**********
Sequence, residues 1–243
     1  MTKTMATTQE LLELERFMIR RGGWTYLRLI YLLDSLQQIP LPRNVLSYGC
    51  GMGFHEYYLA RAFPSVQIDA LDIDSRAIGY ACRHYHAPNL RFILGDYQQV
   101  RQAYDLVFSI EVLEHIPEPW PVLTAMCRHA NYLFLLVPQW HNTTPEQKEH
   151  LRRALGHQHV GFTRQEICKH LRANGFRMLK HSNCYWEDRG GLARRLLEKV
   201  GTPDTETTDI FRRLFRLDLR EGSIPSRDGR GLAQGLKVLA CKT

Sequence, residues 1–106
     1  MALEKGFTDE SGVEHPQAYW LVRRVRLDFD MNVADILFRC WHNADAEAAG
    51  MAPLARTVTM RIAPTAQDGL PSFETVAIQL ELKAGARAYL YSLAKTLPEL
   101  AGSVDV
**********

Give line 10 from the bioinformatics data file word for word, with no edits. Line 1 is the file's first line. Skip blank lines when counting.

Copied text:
   101  AGSVDV